You ready? Let’s break it down.

New to DraftKings? Scared of feeling like a small fish in a big pond? Well reserve your spot in the 25 Team Razzball Exclusive League set to run Monday May 23rd to wet your DK whistle. Just remember to sign up through us before you do. It’s how we know you care! If you still feel helpless and lonely, be sure to subscribe to the DFSBot for your daily baseball plays.

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A few weeks ago, I was but a wee lad writing my first article for Razzball, and you were reading that article because you were either desperate for catcher advice in your fantasy league or because you just plain hate yourself. I recommended picking up J.T. Realmuto for a lengthy dice roll or Jarrod Saltalamacchia for some short term power, and we all laughed a little on the outside and cried a little on the inside.

Then Realmuto hit .500 over the course of the next week. .500, as in half of his at bats were hits. .500, as in the batting average of some of the top high school baseball prospects (except Realmuto, he hit .595 and had 119 RBI in 42 games. Found those stats by accident while searching for a picture of the Realmuto family crest.). .500, as in—OK, enough. It was only a week.

Realmuto cooled off a bit the next week, but he was still more than solid, especially for a catcher: 8-23, 0.348 BA, 2B, 4 RBI, 2 R, SB, .739 OPS. Not too shabby, even if there isn’t a ton of power there. I would like to take this time to point out that my predictions (read: ANALYSIS) for Realmuto, Salty, and Wilson Ramos were all pretty much spot on. Ok, now that we got that out of the way, we can move on.

The free agent catcher wasteland is as bleak as it has ever been. I checked the top 3 free agents by position yesterday in my CBS league, and the top 3 catchers available were: Saltalamacchia, Chris Herrmann, and David Ross. I think most of us would agree that the logical reactions to those three are “old news,” “who?,” and “really?,” respectively. It’s bad, guys. Let’s start with the catchers to stay away from, first.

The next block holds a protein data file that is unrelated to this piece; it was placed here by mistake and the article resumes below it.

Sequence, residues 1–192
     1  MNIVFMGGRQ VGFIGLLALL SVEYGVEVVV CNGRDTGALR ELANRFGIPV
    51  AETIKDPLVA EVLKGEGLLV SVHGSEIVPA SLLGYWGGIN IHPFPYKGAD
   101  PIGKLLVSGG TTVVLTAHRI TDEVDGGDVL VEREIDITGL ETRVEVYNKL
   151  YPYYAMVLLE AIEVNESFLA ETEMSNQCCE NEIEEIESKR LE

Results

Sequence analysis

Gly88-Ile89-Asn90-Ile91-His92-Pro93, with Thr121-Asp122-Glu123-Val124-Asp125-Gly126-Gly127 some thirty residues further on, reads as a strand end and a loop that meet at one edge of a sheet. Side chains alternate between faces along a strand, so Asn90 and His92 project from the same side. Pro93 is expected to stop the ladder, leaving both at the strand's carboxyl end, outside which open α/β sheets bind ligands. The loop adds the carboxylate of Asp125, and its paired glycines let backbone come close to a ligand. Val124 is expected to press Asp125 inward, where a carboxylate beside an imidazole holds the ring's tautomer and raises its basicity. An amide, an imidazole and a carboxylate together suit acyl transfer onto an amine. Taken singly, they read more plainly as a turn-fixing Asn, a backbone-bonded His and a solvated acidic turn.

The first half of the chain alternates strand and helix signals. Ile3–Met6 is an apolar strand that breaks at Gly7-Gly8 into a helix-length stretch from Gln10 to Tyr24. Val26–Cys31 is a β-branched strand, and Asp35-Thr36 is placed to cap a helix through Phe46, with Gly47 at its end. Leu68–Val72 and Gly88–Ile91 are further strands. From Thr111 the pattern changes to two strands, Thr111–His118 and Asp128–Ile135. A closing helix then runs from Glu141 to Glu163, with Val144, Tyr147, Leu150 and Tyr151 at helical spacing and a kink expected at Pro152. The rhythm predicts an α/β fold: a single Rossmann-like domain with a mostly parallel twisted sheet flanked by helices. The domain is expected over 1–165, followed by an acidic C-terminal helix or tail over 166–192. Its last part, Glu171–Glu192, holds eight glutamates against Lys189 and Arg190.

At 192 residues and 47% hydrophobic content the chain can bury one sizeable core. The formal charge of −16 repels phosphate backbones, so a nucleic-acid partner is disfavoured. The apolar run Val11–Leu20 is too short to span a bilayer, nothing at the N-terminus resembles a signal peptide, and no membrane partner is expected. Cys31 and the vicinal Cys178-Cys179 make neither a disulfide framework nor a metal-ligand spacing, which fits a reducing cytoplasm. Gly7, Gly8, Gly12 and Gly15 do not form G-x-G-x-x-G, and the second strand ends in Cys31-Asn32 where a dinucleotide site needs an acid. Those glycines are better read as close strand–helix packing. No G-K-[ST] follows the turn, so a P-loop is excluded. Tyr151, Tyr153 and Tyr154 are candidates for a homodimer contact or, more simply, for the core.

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There’s embarrassment and then there’s having to cover in detail a fantasy baseball league you’re nearly dead last in. So begins our first monthly update on the in house dynasty league “The RazzNasty”. For those of you that are new here, “The RazzNasty” is a Razzball founded dynasty league made up of Razzball writers, readers, commenters, and Methodists! It’s a 16 team roto with semi-weekly adds/drops via blind auction. We have 30 man MLB rosters and 10 man minor league rosters. Since we last updated you in early March there’s been a flurry of activity including trades, wire adds, a second commissioner switch, and a banana or two in the tailpipe. So yes it’s more or less high stakes Mario Kart.

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I’m fascinated by things that are outside of the box and things that challenge what is considered the “norm”.  A good knuckleballer is a joy to watch.  Trevor Bauer and his pregame routine and training regime is so intriguing.  I wish he’d have some success so people might take it a little more seriously.  Basically, it’s no fun doing things the exact same way every, single time and there’s no way to evolve and learn if we don’t try something new.  In this same vein, we have Hector Santiago, the only pitcher in the major leagues to throw a screwball last year.  He will also probably be the only pitcher to throw one in the majors this season.  This pitch was very popular back in the early days of baseball but has since become almost entirely extinct due to the threat of injury it possess.  I get it, but you’d think if you’re the only pitcher throwing a pitch that funky in MLB, you’d have an advantage.  Well, Mr. Santiago is having himself a year so far in the early going, but I’m not so sure it’s screwball related.  Santiago has raised his K/9 from 8.07 last year to 8.71 so far this year and he’s lowered his BB/9 from 3.54 to 2.61.  Also of note is the 2 MPH he’s added to his fastball.  Early jumps in fastball velocity are typically a great sign that a pitcher’s early season success might be more than just a fluke.  Another sign that something has changed for Santiago is the change in GB/FB ratio.  Santiago has typically been an extreme flyball pitcher, which wasn’t always wonderful in US Cellular field.  His flyball percentage is still high-ish, but it’s dropped from an average of 48% for his career to 44% this year.  The big change though is in his ground ball percentage which has jumped from his career average of 33% up to 47% so far this year.  That has lead his GB/FB to jump from a career norm of 0.7 to over 1.0.  So, we’ve got a pitcher with increased fastball velocity, with better control and who’s inducing more grounders.  Did I mention he’ll be facing the Mariners where he’ll have the platoon advantage against just about everyone outside of Nelson Cruz?  At $8,400 he’s the perfect compliment to Jose Fernandez for the night slate.

New to DraftKings? Scared of feeling like a small fish in a big pond? Well try out this 10 teamer of Razzball writers and friends to wet your DK whistle. Just remember to sign up through us before you do. It’s how we know you care! If you still feel helpless and lonely, be sure to subscribe to the DFSBot for your daily baseball plays.